Netflix hit: why is Don't Look Up such a success?

In the new Netflix film Don't Look Up, two astronomers warn humanity that an asteroid is hurtling towards Earth, but hardly anyone listens. Many reviewers find the star-studded black comedy too heavy-handed as a parable about the climate crisis, but Europe's press says the film hits the nail on the head.

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Der Spiegel (DE) /

Relevance beats aesthetics

As many film critics complain, the movie is rather clumsy, but that's besides the point, Der Spiegel insists:

“The world needs this film. And as many others like it as possible: as brutal as possible, as easy to understand as possible, with as much star power as possible. Entertaining, but not gentle. Because a film being too crude in its portrayal of how the world is currently manoeuvring itself into a disaster when that is in fact the case may be a relevant objection from an aesthetic point of view, but not otherwise if it works for the audience. Sorry but relevance beats aesthetics and subtlety when it comes to the future of the Earth.”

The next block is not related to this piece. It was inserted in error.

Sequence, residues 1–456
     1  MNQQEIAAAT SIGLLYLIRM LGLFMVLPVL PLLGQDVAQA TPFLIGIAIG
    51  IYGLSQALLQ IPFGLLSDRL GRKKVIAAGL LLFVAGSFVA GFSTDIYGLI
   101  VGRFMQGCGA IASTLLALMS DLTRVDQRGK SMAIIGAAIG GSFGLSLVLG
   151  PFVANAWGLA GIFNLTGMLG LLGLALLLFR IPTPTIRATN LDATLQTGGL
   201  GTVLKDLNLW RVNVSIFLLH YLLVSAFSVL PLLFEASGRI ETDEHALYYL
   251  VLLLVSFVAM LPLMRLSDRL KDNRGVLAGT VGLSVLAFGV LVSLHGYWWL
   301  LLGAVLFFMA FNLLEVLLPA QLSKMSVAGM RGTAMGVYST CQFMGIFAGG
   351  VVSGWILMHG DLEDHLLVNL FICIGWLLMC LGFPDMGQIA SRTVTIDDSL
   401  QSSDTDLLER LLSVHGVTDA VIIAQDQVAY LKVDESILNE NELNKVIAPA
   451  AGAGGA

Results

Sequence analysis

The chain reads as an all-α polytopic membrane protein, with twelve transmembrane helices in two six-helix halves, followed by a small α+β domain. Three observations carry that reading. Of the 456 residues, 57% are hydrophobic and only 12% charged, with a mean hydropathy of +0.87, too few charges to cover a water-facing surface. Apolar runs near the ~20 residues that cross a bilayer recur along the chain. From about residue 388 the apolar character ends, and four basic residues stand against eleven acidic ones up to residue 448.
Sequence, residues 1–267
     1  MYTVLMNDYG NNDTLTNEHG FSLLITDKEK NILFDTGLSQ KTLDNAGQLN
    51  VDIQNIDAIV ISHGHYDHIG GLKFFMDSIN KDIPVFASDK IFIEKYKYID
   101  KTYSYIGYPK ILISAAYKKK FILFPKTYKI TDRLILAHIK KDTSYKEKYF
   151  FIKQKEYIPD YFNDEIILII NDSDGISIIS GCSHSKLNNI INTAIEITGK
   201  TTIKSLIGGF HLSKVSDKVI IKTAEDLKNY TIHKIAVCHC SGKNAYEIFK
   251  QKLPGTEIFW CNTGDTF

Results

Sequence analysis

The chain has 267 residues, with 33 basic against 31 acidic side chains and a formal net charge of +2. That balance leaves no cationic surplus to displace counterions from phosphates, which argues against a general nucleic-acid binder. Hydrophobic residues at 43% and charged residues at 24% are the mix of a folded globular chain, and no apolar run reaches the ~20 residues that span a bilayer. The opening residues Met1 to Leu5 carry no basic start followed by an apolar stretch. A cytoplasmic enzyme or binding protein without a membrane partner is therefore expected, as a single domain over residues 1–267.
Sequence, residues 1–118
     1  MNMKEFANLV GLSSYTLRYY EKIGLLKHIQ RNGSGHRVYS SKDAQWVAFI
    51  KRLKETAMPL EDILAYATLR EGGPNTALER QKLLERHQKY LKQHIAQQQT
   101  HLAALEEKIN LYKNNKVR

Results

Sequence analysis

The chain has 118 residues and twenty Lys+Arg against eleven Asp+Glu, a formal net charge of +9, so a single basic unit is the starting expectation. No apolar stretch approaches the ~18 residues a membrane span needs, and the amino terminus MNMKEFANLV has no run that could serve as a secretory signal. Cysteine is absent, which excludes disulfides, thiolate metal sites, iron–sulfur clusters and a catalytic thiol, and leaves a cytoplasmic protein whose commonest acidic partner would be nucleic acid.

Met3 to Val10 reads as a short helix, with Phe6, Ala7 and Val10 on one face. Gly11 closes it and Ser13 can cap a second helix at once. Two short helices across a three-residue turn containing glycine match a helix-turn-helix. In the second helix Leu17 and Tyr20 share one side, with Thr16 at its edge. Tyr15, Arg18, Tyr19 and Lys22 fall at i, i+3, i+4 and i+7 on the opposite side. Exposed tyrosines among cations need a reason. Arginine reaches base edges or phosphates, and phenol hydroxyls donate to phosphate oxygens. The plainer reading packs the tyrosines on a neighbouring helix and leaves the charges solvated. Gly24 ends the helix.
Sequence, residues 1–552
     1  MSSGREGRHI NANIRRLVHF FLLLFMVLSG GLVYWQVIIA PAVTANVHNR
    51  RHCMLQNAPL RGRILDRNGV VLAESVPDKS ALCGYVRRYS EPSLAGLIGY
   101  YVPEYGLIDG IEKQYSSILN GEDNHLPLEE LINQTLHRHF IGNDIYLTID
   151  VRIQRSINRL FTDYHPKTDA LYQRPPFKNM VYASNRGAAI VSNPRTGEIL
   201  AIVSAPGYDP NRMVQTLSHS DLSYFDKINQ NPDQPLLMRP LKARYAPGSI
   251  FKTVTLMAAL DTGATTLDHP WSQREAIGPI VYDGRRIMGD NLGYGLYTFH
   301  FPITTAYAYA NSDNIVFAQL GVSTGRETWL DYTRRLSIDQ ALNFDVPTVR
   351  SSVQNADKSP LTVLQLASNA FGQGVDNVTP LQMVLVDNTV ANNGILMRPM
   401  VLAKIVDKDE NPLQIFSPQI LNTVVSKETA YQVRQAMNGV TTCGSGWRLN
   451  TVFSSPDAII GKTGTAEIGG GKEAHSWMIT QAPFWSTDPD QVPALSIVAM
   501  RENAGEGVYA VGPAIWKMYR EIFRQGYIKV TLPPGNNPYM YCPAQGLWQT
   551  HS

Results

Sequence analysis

Phileleftheros (CY) /

An allegory for real life

The coronavirus crisis proves the film right, Phileleftheros applauds:

“The script accurately depicts the times we live in. ... And for those who have doubted in the past that we would not stand together in the face of a catastrophe and look for a solution, our way of dealing with the pandemic provides them with the answer they need. ... The film is an allegory. Whether we're talking about the pandemic, climate change or anything that can destroy us, the idea is the same. The chances of success are slim. We lose ourselves in arguments as the end of the world approaches - just like in Don't Look Up.”

Magyar Hírlap (HU) /

Only heaven can help

The film's nihilism is outrageous, but also fitting, Magyar Hírlap believes:

“This is precisely why this film is a must-see. On the basis of an unfortunately very realistic finding, it invokes in a perfidious and destructive way the idea that man's entire existence is aimless and meaningless, and that for that very reason it's hopeless to believe in anything or hope for anything. ... A dark and deceitful film about a world that has been pushed into darkness and lies. Humanity, look up to the heavens!”